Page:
After a rocky first half of 2015 was punctuated by the announcement that Liverpool’s most renowned player, Steven Gerrard, was to leave the club at the end of the season, manager Brendan Rodgers seemed to suggest owners FSG must sanction some big-name transfers.
Rodgers declared: “A large part of our squad is young players but there’s no doubt that if you want to take steps forward, you need to sign ready-made players.”
“The model at the football club is clear in that the owners want to bring in young players in order to develop and create them into world class players…If you’re going to keep progressing, you also need those ready-made players.”
— Guglielmo Cannavale (@GugliCannavale) January 2, 2015
Shaqiri fits that criteria, and has been linked with a Merseyside move in January.
A move from Munich to Liverpool this January would suit Shaqiri, and could propel the Reds to a successful 2015.
— FC Bayern München (@FCBayern) April 17, 2013
A short, stocky attacking midfielder, Shaqiri is an interesting prospect and one that would improve Liverpool’s squad significantly.
Able to play across all three attacking midfield positions, as a wide player, an inside forward or as an attacking No. 10, Shaqiri is supremely versatile.
In nine Bundesliga games this season, Shaqiri has scored one goal and made two assists, at a rate of a hand in one goal every 113 minutes.
Raheem Sterling goal/assist every 215 mins.
Steven Gerrard goal/assist every 262 mins.
Philippe Coutinho goal/assist every 306 mins.#LFC
— Jack Lusby (@jacklusby_) January 4, 2015
Shaqiri’s main attribute is his confident, unpredictable dribbling style, and the midfielder prefers to take on his man, typically with great success; this is aided by an outstanding strength boosted by his physicality.
However, Shaqiri is a well-rounded player, who can score a wide range of goals from poached finishes, to great long shots and accurate dead balls, as evidenced by his hat-trick in Switzerland’s 3-0 victory over Honduras at the World Cup.
Furthermore, despite Shaqiri’s relative youth at 23 years old, the forward boasts vast experience both for club and country.
— Eurosport UK (@Eurosport_UK) January 2, 2015
With former club FC Basel, Shaqiri helped his side to victory in three successive Swiss Super League titles; with Bayern, Shaqiri has won two successive Bundesliga titles and the 2012/13 Champions League.
As Switzerland’s ‘Alpine Messi’, Shaqiri serves as his country’s inspiration, and has made 38 appearances for the Swiss senior side, scoring 12 goals.
Shaqiri and Xhaka – Switzerland's Best Footballers: Xherdan Shaqiri was voted Credit Suisse Player of the Year –… http://t.co/54je9Qhf
— Credit Suisse (@CreditSuisse) May 30, 2012
Shaqiri and Sommer: Switzerland's Best Footballers: Xherdan Shaqiri was voted Credit Suisse Player of the Year at… http://bit.ly/qasxuq
— Credit Suisse (@CreditSuisse) August 9, 2011
Shaqiri was named the Swiss FA’s Credit Suisse Player of the Year for both 2012 and 2013, underlining his importance to the side.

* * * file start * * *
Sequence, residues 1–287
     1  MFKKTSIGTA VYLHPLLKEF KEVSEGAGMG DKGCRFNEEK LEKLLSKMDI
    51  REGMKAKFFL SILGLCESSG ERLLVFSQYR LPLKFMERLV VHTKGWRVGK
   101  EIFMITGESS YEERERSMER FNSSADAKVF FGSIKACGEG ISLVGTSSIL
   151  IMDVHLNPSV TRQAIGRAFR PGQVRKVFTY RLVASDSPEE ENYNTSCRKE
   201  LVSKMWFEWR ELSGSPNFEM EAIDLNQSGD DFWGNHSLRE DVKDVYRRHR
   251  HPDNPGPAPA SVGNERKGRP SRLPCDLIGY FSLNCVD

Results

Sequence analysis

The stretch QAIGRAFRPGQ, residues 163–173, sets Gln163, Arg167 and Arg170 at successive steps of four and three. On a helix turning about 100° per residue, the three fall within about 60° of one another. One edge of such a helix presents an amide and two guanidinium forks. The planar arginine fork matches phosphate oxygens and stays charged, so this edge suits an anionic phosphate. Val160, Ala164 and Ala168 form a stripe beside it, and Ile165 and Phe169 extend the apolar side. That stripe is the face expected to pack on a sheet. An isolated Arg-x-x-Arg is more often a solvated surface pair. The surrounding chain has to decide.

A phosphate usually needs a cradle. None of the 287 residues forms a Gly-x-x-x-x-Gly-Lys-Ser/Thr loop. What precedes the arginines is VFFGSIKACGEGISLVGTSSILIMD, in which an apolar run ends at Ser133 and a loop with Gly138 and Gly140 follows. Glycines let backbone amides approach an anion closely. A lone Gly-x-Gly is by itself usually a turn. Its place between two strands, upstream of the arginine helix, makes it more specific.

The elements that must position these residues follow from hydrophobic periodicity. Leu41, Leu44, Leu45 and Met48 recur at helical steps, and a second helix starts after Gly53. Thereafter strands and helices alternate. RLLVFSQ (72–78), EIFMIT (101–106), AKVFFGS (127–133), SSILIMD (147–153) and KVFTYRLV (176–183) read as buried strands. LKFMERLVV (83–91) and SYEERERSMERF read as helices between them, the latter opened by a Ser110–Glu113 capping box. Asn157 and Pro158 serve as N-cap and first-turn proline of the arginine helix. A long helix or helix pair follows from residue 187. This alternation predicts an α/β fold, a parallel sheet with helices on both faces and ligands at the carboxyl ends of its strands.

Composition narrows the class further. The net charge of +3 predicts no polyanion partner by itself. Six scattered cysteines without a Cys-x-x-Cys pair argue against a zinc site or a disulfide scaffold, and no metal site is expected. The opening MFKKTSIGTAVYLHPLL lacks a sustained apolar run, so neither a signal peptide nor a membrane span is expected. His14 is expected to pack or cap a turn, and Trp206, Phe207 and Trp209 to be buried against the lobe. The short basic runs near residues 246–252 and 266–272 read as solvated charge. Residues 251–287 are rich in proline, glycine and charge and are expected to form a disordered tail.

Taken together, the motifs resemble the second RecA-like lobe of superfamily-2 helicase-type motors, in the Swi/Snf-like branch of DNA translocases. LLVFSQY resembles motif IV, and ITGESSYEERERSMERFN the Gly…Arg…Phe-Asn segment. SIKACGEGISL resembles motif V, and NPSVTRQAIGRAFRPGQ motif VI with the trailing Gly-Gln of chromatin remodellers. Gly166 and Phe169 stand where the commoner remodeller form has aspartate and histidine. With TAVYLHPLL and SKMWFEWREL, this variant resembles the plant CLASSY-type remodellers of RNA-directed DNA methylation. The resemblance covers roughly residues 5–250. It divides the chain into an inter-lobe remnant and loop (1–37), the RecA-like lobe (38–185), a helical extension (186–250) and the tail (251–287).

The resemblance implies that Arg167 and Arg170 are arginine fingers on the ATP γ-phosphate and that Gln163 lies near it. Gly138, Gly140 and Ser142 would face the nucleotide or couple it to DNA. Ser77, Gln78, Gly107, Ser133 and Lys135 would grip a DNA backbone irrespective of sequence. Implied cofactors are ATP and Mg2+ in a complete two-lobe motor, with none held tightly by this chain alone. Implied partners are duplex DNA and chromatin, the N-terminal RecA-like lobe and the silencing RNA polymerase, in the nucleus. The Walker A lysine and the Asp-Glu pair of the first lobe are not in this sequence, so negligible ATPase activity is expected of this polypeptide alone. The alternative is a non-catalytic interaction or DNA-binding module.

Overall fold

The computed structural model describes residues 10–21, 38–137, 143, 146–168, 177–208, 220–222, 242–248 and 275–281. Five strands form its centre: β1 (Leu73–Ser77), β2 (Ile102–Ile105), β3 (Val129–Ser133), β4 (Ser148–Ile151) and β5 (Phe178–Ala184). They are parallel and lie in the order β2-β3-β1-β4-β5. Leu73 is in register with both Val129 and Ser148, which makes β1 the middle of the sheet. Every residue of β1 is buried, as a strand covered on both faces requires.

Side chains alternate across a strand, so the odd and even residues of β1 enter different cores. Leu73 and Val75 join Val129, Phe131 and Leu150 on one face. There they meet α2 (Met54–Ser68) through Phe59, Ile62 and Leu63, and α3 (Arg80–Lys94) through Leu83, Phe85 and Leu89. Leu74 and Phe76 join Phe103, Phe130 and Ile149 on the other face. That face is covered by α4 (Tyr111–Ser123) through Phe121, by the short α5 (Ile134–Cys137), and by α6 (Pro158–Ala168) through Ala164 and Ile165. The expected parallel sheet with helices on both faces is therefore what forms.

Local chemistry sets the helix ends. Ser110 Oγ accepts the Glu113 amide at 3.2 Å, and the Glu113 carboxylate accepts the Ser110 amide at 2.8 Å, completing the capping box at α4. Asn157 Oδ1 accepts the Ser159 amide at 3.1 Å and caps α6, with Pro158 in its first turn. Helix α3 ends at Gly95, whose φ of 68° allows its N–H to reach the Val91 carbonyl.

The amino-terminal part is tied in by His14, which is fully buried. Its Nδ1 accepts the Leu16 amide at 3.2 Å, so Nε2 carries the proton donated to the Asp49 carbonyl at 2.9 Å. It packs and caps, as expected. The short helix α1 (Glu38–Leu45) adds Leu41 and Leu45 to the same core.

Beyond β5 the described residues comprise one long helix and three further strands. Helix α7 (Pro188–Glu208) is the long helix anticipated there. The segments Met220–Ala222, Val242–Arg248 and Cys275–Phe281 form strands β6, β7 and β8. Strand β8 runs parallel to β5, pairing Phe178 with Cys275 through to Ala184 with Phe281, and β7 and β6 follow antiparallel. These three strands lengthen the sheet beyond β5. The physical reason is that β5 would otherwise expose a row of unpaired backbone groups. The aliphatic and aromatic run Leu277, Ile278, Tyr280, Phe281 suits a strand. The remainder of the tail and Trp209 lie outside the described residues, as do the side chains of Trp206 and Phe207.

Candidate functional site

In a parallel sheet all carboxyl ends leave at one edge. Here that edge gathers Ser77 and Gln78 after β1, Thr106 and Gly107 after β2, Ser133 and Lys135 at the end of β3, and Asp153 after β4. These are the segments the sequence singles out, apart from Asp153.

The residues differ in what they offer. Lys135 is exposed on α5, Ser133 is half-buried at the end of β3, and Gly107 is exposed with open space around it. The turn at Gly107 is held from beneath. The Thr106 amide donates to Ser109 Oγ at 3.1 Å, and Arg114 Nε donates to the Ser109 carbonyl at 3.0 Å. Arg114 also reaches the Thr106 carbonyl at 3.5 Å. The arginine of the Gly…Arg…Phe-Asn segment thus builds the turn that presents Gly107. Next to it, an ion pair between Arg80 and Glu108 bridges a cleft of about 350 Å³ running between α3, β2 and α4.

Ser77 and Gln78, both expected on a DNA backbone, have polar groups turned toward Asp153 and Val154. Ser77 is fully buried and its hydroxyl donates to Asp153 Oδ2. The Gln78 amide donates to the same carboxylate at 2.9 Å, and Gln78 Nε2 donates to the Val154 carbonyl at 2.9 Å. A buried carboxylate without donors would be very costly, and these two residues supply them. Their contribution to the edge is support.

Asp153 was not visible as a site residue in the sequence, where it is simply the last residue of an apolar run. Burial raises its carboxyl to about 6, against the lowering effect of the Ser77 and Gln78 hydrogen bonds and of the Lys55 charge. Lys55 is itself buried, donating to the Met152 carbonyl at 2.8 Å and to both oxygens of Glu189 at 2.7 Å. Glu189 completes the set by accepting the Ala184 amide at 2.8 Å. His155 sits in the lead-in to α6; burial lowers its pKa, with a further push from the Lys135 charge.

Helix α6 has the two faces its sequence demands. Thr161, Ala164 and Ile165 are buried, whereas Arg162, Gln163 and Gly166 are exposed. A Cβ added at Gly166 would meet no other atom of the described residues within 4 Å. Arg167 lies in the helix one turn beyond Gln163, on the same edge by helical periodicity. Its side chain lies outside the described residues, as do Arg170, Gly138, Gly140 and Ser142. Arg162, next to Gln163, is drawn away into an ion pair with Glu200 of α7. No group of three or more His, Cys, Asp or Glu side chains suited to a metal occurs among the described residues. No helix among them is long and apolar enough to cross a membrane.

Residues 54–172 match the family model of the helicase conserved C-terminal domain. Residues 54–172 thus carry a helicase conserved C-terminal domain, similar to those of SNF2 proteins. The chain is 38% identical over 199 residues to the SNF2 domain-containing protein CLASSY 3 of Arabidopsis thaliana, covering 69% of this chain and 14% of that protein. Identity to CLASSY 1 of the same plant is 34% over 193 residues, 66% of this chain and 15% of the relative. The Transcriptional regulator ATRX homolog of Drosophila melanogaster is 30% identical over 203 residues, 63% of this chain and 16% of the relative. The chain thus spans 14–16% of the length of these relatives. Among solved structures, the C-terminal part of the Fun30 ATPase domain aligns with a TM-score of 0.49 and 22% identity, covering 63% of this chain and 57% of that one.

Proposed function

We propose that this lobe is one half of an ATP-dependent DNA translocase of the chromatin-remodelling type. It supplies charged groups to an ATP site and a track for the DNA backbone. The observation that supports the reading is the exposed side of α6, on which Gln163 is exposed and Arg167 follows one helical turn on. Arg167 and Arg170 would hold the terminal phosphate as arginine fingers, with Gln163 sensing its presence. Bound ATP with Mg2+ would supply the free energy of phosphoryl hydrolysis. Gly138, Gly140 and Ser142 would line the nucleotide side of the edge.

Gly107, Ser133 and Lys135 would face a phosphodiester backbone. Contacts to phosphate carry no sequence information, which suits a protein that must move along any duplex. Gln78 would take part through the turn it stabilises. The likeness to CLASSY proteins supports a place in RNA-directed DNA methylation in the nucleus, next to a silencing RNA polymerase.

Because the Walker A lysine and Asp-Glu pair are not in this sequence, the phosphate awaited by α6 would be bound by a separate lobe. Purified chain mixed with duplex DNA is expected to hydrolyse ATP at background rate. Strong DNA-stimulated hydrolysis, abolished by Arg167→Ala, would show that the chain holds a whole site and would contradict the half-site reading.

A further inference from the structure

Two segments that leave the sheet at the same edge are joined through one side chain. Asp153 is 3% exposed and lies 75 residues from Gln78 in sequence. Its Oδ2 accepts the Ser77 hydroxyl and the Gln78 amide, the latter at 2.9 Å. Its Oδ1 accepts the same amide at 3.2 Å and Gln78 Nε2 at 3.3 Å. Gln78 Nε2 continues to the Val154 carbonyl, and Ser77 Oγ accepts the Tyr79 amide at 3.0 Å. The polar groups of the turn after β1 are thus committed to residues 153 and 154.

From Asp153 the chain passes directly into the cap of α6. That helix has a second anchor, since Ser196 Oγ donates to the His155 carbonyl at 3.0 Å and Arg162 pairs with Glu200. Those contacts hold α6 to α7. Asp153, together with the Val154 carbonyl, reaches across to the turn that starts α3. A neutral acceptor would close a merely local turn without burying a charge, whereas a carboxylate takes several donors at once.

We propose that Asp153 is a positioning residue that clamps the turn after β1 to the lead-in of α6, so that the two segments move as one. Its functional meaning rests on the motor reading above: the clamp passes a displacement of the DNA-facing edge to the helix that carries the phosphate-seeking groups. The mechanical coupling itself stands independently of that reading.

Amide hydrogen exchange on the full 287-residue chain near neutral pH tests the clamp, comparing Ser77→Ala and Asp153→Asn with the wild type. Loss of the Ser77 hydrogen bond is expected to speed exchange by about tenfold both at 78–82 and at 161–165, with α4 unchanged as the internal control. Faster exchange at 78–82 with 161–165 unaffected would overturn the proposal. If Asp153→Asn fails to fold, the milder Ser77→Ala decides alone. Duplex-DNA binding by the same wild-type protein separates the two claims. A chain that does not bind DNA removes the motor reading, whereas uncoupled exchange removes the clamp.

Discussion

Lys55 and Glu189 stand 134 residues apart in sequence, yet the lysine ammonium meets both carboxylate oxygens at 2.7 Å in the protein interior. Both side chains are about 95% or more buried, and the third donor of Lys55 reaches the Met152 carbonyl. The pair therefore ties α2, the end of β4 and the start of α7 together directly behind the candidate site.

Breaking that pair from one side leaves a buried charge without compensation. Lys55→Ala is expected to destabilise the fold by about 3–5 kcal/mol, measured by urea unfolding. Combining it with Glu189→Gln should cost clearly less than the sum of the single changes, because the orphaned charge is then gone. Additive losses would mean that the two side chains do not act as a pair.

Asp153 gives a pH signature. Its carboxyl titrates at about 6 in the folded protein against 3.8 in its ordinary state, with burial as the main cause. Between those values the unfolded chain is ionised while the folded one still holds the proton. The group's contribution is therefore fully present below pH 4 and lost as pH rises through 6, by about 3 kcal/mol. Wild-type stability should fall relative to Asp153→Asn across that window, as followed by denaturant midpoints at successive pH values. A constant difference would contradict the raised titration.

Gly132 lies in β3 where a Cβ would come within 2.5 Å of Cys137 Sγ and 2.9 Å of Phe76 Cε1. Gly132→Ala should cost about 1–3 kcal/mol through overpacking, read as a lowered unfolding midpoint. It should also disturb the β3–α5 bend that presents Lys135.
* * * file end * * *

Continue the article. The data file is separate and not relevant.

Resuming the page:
This experience, of different styles and systems, and an excellent level of coaching from the likes of Pep Guardiola and Ottmar Hitzfeld, would see Shaqiri blend into Rodgers’ Liverpool side swiftly and adeptly.
In an overview of his managerial career, Hitzfeld claimed “I realised that although I had my own philosophy, I didn’t have the necessary players. I changed my own philosophy…You need to be flexible.”
— BUNDESLIGA (@Bundesliga_DE) November 11, 2014
With Switzerland this was focussed on a high intensity, pressure-based system highlighting the work rate of midfielders Valon Behrami and Gokhan Inler and relying on the flair of Shaqiri.
Guardiola’s style at Munich was analysed in 2013/14 by the Independent’s Jack Pitt-Brooke: “The whole team plays further up the pitch, pressing hard from the front to win the ball back as quickly as possible, with a brisker tempo in possession as well.”
These are both reminiscent in style to Rodgers’ Liverpool, suggesting Shaqiri could flourish.
Shaqiri would do so with a motive.
A Point to Prove
— ITV Football (@itvfootball) January 1, 2015
The main reason behind Shaqiri’s desire to leave Bayern this January is presumably a lack of game time with the Bundesliga club.
I live in present… Not in future….;-)
— Xherdan Shaqiri (@XS_11official) July 15, 2014
This summer tweet came after Bayern director of sport discussed Shaqiri’s talents, claiming “Shaqiri is able to play in various positions and he is an important player for the future of this club.”
Shaqiri’s position in the side hasn’t improved this season, with Shaqiri making just three of his league appearances as a starter.
Marginalised at Bayern and looking for a move, Shaqiri has a point to prove at his next club.
This could play into Rodgers’ hands at Liverpool, who has displayed a restorative touch during his time as manager of the club.
Philippe Coutinho is another player who was in a similar position when he too signed in 2013, with his career stagnating at Inter Milan, having made just 10 appearances for the club in the first half of 2012/13 before his transfer—like Shaqiri, only three of these came as a starter.
Both have thrived given the confidence that Rodgers’ faith has instilled in them, and they are now both key players at Liverpool.
While this summer’s signing of Mario Balotelli hasn’t quite displayed the same hallmarks, this still serves as evidence of Rodgers’ intention.
Overall, Liverpool is an excellent platform for talented young players to reaffirm their talents.